von Bernuth H, Picard C, Jin Z, et al. Science. 2008;321(5889):691–696
PURPOSE OF THE STUDY. Myeloid differentiation protein 88 (MyD88) is a key downstream adapter for receptors of the innate immune system, including most Toll-like receptors (TLRs) and interleukin 1 receptors (IL-1Rs). MyD88 deficiency in mice leads to susceptibility to a broad range of pathogens, and the goal of this study was to determine whether there are children with recurrent infections who have a deficiency in MyD88.
STUDY POPULATION. Nine children with MyD88 deficiency were identified from those evaluated for recurrent infections in immunodeficiency clinics in several different tertiary care centers.
METHODS. Fibroblasts, peripheral blood mononuclear cells, and Epstein-Barr virus-transformed B cell lines were evaluated with a number of molecular techniques, to evaluate responsiveness to stimulation via MyD88-dependent pathways such as IL-1Rs and multiple TLRs. Genetic analyses were also performed for patients and family members.
RESULTS. Nine children with autosomal recessive MyD88 deficiency suffered from life-threatening, often recurrent, pyogenic bacterial infections, including Streptococcus pneumoniae, Staphylococcus aureus, and Pseudomonas aeruginosa. However, these patients were otherwise healthy, with normal resistance to other microbes. Their clinical status improved with age, but not because of any cellular leakiness in MyD88 deficiency. Cells from affected subjects were not responsive to IL-1R or TLR stimulation, and this responsiveness was restored by transfecting MyD88-deficient fibroblasts from the patients with a normal copy of the gene (complementary DNA). Genetic analysis revealed several defects associated with loss of function.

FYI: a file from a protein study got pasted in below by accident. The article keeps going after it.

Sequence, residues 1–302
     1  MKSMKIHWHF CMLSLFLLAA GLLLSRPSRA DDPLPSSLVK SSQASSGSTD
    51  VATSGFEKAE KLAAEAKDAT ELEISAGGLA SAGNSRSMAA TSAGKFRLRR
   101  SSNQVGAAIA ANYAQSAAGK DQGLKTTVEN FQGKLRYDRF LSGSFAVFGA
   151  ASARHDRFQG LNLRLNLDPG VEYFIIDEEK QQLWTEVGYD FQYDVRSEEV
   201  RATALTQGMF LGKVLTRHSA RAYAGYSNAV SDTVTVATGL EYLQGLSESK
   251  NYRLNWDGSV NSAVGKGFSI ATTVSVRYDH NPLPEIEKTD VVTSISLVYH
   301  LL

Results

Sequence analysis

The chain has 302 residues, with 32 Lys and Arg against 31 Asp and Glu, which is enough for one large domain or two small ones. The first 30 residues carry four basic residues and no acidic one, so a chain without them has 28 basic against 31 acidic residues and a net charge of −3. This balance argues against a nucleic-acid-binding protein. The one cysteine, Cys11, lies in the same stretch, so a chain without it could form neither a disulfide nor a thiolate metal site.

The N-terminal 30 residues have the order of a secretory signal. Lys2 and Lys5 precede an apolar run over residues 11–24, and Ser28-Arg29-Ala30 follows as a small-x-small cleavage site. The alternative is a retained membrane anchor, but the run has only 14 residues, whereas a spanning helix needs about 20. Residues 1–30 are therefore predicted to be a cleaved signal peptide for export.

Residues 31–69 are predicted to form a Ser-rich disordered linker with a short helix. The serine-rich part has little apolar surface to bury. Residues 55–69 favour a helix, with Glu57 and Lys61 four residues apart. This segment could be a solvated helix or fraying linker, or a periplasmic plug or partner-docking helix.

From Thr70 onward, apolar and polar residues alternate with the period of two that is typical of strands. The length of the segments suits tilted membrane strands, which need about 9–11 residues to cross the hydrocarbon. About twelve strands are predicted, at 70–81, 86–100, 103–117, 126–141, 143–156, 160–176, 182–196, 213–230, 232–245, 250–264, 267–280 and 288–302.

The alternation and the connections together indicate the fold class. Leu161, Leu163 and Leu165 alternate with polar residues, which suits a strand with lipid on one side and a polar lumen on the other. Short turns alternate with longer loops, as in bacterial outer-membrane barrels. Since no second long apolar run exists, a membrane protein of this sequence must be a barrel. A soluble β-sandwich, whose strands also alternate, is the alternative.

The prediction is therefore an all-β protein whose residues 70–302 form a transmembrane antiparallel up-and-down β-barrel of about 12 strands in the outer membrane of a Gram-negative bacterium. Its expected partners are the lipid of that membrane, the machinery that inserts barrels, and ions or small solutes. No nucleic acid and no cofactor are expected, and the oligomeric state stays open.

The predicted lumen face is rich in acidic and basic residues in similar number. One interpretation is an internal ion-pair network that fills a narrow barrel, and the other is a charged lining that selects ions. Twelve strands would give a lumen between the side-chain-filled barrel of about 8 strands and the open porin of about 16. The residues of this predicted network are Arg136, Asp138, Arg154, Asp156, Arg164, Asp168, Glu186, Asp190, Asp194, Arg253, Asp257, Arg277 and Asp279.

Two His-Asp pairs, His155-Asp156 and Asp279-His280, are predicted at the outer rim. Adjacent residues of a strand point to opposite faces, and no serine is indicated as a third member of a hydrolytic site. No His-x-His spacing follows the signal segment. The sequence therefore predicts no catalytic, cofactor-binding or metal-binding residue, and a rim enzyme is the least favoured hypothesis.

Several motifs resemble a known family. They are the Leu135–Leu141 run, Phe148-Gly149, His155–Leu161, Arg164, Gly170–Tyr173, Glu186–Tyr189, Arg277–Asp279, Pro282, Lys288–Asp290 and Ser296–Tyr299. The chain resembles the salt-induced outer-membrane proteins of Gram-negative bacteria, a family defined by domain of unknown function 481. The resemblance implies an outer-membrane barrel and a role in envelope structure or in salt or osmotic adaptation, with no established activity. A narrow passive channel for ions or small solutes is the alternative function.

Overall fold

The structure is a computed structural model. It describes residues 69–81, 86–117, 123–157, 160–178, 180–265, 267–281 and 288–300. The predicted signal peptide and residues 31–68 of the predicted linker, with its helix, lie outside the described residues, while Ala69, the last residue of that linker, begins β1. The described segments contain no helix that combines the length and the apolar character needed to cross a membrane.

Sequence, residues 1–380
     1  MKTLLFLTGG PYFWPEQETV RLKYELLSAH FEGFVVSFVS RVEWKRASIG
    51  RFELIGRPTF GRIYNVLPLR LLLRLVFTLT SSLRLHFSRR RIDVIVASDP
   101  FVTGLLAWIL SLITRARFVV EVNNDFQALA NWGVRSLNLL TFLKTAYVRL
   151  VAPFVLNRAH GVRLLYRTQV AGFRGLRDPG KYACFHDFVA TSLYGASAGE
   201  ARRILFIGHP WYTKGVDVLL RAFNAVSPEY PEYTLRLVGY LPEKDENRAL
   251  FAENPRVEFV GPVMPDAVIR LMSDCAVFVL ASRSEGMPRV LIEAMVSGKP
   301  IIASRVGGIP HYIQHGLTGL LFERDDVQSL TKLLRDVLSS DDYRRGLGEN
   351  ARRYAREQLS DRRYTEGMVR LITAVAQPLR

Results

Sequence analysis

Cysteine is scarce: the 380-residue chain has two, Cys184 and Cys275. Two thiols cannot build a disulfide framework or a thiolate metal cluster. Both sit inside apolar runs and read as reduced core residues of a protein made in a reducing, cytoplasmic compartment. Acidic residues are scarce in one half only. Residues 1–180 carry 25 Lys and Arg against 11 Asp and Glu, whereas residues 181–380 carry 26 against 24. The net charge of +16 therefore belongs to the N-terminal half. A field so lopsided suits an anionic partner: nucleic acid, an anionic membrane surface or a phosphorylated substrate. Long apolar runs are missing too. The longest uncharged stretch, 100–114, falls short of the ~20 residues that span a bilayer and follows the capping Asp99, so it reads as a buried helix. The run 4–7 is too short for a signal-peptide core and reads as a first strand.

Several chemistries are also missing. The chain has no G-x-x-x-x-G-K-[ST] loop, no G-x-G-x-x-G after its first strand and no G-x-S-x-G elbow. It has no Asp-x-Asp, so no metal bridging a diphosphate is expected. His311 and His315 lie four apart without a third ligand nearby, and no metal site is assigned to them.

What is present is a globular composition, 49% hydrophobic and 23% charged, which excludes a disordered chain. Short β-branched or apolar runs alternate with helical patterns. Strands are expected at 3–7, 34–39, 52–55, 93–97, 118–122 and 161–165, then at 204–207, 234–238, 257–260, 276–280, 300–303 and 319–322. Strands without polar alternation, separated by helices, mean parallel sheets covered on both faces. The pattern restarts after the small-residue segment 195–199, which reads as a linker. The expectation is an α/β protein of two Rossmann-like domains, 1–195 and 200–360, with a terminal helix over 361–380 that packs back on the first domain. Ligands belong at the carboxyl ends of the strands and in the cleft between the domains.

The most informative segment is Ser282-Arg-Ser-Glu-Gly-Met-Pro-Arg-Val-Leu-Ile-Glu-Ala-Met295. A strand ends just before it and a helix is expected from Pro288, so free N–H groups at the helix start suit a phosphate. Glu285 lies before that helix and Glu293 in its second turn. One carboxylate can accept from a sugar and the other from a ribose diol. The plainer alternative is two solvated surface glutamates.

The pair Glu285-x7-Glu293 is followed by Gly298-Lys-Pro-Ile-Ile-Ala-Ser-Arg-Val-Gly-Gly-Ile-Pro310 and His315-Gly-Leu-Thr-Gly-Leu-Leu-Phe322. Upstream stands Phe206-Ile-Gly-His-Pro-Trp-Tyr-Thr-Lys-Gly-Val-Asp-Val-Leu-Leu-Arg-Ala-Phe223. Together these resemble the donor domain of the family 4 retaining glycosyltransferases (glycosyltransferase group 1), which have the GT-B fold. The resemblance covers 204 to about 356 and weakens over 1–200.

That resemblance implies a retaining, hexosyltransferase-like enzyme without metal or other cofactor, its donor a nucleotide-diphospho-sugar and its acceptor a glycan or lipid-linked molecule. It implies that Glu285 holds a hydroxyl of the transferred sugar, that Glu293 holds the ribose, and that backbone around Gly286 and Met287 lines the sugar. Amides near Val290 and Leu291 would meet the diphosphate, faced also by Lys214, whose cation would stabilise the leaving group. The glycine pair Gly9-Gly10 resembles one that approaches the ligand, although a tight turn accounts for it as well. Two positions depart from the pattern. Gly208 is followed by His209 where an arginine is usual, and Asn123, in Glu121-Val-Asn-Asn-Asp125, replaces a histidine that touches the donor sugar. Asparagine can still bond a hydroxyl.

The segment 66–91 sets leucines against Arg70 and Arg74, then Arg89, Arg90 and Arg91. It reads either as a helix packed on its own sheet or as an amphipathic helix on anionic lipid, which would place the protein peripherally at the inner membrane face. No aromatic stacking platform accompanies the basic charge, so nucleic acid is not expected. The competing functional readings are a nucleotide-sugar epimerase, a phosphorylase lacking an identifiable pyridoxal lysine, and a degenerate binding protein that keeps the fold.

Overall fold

CONCLUSIONS. The authors conclude that MyD88-dependent TLRs and IL-1R are essential for protective immunity to a small number of pyogenic bacteria but are redundant for host defenses to most natural infections.
REVIEWER COMMENTS. There has been an explosion in information describing the innate immune system. The primary purpose of the innate immune system is to recognize microbial components. One major mechanism involves the binding of pathogen-associated molecules (eg, endotoxin or bacterial DNA) to innate immune receptors such as the TLR group. These receptors, which were first discovered in fruit flies, initiate intracellular signaling pathways that direct the synthesis of a wide variety of cytokines and antimicrobial pathways. MyD88 is a particularly important because it is involved in several TLR signaling pathways. These findings identify a specific pattern of increased bacterial infections associated with MyD88 deficiency. One of the advantages of identifying this disorder is that the clinical course improves with time, perhaps because elements of the adaptive immune system can compensate for the defect in innate immunity. In addition, now that the genetic defect is known, family members of affected individuals can be screened. Treatment is currently limited to supportive care, but identification of the molecular defect raises the possibility that specific therapies for MyD88 deficiency will be developed in the future.
- Copyright © 2009 by the American Academy of Pediatrics